Most fields have their own lexicon that comes with an alphabet soup of acronyms. Teaching English as a Second Language is no different. Since it can easily get confusing, here are a few terms you’re likely to encounter, along with a brief explanation of each.
- ESL—English as a Second Language. This is a commonly-used term to describe the teaching of English to students whose native language is not English.
- ELL or EL—English Language Learner or English Learner. A student who is in an ESL program is referred to by either of these terms.
- ESOL—English as a Second or Other Language. This term is often used interchangeably for ESL and is preferable to some, as many students are developing English in a dual manner.
- ELD or CLD—English Language Development. More progressive programs often use this term; likewise, the students and programs may be referred to as Culturally and Linguistically Diverse (CLD).
- TESOL—Teaching English to Speakers of Other Languages. What makes this acronym particularly confusing is the fact that there’s also a professional organization named TESOL International. In addition, you may see TESOL used to describe a certificate program or master’s degree (e.g., master’s in TESOL). Used in this way, the term refers to the field, not the organization.
- TESL—Teachers of English as a Second Language. This term is often used interchangeably with ESL.
- TEFL—Teaching English as a Foreign Language. You will see this term used when referring to teaching English abroad in countries where English is not the primary language. TEFL educators often work for international schools or international companies.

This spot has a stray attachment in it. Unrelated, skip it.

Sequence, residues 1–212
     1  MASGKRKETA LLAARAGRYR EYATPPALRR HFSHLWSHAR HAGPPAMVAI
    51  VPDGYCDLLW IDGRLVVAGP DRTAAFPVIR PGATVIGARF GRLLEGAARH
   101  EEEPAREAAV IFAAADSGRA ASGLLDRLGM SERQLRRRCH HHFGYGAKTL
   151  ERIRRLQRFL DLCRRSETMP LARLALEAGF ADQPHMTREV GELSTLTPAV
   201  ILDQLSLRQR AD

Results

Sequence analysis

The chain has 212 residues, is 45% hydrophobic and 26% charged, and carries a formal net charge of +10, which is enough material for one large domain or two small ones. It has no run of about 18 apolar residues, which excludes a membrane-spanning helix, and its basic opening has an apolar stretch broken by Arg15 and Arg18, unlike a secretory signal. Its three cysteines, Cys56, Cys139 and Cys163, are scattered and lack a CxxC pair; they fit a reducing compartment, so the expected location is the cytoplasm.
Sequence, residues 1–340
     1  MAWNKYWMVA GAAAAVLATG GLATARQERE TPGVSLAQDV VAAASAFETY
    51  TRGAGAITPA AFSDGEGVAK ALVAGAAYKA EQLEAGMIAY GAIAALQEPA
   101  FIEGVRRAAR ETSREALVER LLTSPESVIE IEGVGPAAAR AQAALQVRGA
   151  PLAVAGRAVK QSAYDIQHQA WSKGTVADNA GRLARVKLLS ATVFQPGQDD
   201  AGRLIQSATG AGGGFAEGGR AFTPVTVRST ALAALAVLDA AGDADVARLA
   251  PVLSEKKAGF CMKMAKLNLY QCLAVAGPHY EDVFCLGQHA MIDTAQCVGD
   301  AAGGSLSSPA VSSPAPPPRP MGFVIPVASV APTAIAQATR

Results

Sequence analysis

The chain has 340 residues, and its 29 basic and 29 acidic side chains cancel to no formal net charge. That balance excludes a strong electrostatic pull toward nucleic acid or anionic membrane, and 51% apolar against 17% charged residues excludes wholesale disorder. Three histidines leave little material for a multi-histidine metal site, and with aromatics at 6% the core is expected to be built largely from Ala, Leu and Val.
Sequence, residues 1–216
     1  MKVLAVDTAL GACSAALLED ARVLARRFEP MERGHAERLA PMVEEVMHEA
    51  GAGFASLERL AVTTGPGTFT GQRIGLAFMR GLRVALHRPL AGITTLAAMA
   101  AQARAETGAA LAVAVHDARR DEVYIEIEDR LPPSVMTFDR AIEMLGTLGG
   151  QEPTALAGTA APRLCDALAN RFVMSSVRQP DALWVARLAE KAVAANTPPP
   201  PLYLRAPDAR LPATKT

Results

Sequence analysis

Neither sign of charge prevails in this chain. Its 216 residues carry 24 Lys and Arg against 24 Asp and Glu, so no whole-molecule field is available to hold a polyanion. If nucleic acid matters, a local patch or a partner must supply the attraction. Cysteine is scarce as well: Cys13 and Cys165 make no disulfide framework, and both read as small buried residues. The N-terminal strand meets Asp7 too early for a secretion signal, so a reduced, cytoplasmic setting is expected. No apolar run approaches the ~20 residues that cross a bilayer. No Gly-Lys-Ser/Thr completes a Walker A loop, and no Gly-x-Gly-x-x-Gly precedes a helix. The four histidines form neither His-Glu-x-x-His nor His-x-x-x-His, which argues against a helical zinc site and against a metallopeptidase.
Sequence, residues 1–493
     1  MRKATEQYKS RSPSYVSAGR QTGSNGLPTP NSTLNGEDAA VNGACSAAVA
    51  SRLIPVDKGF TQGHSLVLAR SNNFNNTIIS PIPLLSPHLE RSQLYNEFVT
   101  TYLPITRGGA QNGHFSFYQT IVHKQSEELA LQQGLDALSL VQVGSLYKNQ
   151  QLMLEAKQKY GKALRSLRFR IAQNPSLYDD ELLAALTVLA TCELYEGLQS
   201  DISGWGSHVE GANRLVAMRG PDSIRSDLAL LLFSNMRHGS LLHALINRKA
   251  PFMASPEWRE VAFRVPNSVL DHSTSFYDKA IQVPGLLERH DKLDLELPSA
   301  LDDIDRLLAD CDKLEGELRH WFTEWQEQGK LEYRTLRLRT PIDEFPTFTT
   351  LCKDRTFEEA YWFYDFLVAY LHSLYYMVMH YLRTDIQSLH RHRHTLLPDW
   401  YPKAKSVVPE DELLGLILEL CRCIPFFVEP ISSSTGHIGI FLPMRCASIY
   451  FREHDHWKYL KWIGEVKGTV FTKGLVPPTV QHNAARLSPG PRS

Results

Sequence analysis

How to Become an ESL Teacher
Requirements for becoming an ESL teacher vary, depending on the state, but almost all states require certain basic steps. If you aren’t already qualified to teach in public schools, you’ll need to:
- Earn a bachelor’s degree (in ESL or a closely related field)
- Complete a state-approved ESL certificate program for the type of students you want to work with (elementary, secondary, adult)
- Apply for your teaching license
If you already have a bachelor’s degree and hold a state teaching license, your next step is to obtain the appropriate ESL credential. Specialized training and completion of a state assessment are typically required. Some states require a master’s degree. Even if a graduate degree isn’t a condition for employment, a master’s will likely make you a more competitive candidate and position you for a higher salary.
Bachelor’s ESL Degree
Most ESL bachelor degree programs take four years of full-time study to complete and include a student teaching requirement. If your college doesn’t offer an ESL major, consider English, linguistics, education, or another relevant subject. In addition, look for an internship or student teaching in an ESL setting.
Obtain ESL Certification
Requirements for obtaining ESL certification vary from state to state, so check your state education board. You may be required to demonstrate English proficiency and/or pass exams in other areas. For example, candidates for ESL certification in Pennsylvania must achieve a mid-to-high score on the American Council for the Teaching of Foreign Languages (ACTFL) test. New Jersey assesses English language proficiency using an oral Language Proficiency Interview (LPI). Other states have other requirements.